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'Medicaid unwinding' can be dangerous for those who need opioid addiction medications

AYESHA RASCOE, HOST:

More than 1 million Americans use Medicaid to help pay for lifesaving opioid addiction treatment, including methadone. But some people could lose Medicaid as states continue reviewing eligibility for the first time since the pandemic began. Stephanie Colombini of member station WUSF reports from Florida, where what's called the Medicaid unwinding has given some patients and providers a hard time.

STEPHANIE COLOMBINI, BYLINE: When she moved her family to Florida from Indiana last year, one thing Stephanie didn't have to worry about was paying for her methadone treatment. That's because her Medicaid covers it.

STEPHANIE: When I first moved down here, I got my insurance with no problem at all.

COLOMBINI: Stephanie asked us not to use her last name because her two youngest kids don't know she's been taking methadone to treat opioid addiction for nearly a decade. In addition to the methadone she needs to stay off illicit painkillers, Medicaid also pays for counseling. So it was devastating last summer when Stephanie showed up to her treatment clinic and learned she'd been dropped, even though she knew she still qualified.

STEPHANIE: I didn't even know I didn't have it until I was at the window one day, and they're like, well, you have a balance of, like, $400. I'm like, what?

COLOMBINI: More than 20 million Americans lost Medicaid at some point in the last year since states began reviewing eligibility again. Some, like Stephanie, eventually get their benefits back. But even a brief disruption in coverage is serious for someone taking medications for opioid use disorder says Maia Szalavitz. She's a journalist who focuses on addiction treatment.

MAIA SZALAVITZ: If you want to save people's lives and you have a lifesaving medication available, you don't interrupt their access to healthcare so that that medication becomes unavailable, they wind up in withdrawal, and they wind up dying.

COLOMBINI: Research shows, when taken as prescribed, medications like methadone can reduce opioid overdose deaths by about 50%. So Stephanie says she panicked when she lost Medicaid. She knows how debilitating opioid withdrawal can be from experience. She worried she'd start experiencing symptoms like vomiting and joint pain if she suddenly stopped taking methadone.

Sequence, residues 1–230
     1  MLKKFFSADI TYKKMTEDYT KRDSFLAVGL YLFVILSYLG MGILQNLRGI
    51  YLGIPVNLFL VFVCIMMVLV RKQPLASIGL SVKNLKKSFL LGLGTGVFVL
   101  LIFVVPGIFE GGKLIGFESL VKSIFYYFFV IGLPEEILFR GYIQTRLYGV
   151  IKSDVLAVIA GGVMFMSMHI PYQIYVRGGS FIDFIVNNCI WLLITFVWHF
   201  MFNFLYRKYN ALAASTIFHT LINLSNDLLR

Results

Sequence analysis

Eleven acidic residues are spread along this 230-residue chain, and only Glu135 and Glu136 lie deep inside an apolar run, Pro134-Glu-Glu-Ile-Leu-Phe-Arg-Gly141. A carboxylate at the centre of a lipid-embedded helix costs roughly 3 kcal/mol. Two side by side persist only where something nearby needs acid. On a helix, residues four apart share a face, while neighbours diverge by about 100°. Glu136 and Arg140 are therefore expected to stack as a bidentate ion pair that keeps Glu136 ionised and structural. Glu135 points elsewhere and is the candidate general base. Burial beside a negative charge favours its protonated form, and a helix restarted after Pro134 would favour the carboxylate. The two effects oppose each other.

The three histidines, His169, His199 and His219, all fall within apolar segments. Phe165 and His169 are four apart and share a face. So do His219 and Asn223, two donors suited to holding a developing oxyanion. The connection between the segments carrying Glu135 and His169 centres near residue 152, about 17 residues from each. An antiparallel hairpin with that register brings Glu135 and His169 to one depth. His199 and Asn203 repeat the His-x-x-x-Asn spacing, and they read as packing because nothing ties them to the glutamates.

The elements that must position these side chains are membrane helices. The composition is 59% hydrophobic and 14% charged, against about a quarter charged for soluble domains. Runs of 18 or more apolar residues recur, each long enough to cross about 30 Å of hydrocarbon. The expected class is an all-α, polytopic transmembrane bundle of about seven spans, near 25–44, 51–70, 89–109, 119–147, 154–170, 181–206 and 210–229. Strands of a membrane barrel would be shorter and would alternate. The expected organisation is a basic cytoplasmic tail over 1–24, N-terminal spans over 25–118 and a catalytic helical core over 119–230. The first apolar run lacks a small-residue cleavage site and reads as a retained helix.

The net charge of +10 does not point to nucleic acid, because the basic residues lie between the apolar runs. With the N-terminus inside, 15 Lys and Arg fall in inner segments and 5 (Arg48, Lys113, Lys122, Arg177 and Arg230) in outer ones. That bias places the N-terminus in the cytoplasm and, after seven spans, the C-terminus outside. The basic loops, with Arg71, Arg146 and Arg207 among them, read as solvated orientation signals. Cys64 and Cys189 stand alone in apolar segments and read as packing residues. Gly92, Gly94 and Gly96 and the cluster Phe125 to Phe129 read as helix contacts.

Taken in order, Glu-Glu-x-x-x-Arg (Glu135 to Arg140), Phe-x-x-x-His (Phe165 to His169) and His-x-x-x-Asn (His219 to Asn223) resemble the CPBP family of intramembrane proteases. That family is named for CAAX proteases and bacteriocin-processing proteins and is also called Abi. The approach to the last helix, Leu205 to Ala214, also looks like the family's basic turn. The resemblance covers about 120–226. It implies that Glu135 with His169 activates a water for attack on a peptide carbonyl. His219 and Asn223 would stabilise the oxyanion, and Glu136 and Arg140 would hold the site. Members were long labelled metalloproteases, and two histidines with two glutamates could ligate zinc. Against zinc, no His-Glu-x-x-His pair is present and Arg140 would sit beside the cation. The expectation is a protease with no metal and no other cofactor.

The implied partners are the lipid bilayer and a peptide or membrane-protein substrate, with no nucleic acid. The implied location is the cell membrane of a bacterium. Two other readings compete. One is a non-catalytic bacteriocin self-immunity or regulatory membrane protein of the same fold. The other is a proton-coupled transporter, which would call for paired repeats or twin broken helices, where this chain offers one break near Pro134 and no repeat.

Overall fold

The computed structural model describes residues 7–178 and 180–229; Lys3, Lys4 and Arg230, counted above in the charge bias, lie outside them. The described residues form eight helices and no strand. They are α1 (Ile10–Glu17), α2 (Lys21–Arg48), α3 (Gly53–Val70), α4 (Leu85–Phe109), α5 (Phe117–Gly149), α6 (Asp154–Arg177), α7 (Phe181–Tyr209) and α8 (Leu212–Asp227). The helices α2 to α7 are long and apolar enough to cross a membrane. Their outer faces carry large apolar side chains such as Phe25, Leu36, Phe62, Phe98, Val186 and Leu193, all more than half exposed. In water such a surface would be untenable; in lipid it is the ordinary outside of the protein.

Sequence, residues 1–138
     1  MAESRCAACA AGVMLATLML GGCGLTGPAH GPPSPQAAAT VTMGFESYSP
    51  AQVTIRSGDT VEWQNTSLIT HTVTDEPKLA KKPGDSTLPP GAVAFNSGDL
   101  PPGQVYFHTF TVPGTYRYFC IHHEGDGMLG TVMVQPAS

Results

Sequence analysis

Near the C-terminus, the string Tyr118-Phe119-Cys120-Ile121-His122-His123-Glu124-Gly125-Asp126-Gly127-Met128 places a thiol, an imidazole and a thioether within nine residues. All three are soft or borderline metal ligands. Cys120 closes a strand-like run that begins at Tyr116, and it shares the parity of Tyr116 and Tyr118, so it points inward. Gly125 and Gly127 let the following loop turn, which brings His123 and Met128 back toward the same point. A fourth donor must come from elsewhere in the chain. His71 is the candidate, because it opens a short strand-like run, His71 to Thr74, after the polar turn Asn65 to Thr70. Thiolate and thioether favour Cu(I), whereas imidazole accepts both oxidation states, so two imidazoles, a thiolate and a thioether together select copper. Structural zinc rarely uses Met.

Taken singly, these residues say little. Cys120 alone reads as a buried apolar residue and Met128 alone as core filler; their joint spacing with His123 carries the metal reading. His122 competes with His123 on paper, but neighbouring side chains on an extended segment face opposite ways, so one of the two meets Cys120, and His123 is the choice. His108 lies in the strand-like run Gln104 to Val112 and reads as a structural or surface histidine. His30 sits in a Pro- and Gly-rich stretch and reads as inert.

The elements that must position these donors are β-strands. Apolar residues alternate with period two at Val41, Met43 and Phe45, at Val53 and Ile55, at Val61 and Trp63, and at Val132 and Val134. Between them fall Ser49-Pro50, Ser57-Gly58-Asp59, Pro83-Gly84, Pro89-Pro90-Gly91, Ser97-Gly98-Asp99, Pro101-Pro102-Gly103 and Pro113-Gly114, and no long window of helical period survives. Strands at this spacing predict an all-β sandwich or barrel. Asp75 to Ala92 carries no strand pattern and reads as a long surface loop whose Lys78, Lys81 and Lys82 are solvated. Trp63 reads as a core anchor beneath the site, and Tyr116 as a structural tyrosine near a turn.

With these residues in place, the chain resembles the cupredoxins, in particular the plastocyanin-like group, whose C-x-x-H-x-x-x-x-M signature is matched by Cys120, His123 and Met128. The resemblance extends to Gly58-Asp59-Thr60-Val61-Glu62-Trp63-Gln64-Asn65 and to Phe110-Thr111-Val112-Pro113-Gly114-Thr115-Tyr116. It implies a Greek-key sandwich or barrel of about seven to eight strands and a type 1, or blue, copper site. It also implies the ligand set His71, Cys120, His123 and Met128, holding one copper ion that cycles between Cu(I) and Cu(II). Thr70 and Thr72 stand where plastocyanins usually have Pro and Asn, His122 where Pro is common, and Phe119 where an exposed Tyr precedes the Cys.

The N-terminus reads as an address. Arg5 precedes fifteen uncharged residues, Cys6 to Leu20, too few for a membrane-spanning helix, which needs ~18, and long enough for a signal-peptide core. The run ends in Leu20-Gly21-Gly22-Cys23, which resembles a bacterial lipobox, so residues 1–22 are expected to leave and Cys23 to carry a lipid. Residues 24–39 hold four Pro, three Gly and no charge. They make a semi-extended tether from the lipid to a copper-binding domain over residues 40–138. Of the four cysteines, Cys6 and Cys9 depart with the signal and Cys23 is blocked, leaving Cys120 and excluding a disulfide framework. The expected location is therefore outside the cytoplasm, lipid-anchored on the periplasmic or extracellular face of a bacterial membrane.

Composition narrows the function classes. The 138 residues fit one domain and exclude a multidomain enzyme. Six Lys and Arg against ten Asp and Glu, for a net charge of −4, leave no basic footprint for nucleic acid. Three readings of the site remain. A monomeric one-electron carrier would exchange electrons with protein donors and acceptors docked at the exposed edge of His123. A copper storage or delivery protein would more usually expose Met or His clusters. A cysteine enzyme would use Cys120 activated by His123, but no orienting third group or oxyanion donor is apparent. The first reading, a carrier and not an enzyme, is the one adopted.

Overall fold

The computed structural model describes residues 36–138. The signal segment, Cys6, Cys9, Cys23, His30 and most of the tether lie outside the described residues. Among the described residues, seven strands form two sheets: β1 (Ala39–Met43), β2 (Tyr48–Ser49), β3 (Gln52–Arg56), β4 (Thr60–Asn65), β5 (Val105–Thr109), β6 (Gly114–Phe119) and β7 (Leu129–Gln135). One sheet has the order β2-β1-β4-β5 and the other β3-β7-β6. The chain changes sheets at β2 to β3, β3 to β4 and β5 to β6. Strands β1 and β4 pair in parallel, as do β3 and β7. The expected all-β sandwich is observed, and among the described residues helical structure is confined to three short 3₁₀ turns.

STEPHANIE: I'm like, oh, my gosh. I'm going to be so sick. How am I going to get up and take care of the kids? Because you can't do those things.

COLOMBINI: It would have cost her more than a hundred dollars a week to pay for it out of pocket. She couldn't afford that. The nonprofit Operation PAR runs the clinics that Stephanie goes to in Florida. It serves nearly 4,000 clients at medication treatment centers along the state's Gulf Coast. Dawn Jackson is one of the clinic directors.

DAWN JACKSON: People shouldn't have to choose between putting food on the table and getting the treatment they need to live healthy lives.

COLOMBINI: Operation PAR relies on state and federal grants to help people who can't pay for care. It was able to bring Stephanie's cost down to $30 a week. That was low enough for her to stick with treatment for the six months it took to get her Medicaid back. She's grateful she never had to go without her medicine.

STEPHANIE: All the things that some people take for granted, just waking up every day and feeling good enough to do your whole day, it's helped me a lot.

COLOMBINI: Operation PAR says about 40% of their opioid treatment patients who had Medicaid have lost it since the unwinding began. Dawn Jackson says they didn't have enough financial assistance to meet the need.

JACKSON: Turning people away over money is the last thing we want to do, but we also know that we can't treat everybody for free.

COLOMBINI: So for months, they had to place people on a wait list for aid. Extra money arrived a few months ago from Florida's lawsuits against opioid makers and pharmacies to help clear that wait list. It was a relief, but Jackson says it's not a long-term solution. She wants to see a more consistent source of funding because as the opioid crisis continues, each day without treatment could be someone's last.

For NPR News, I'm Stephanie Colombini in Tampa.

RASCOE: This story comes from NPR's partnership with KFF Health News, WUSF, and Public Health Watch. Transcript provided by NPR, Copyright NPR.

NPR transcripts are created on a rush deadline by an NPR contractor. This text may not be in its final form and may be updated or revised in the future. Accuracy and availability may vary. The authoritative record of NPR’s programming is the audio record.

Stephanie Colombini joined WUSF Public Media in December 2016 as Producer of Florida Matters, WUSF’s public affairs show. She’s also a reporter for WUSF’s Health News Florida project.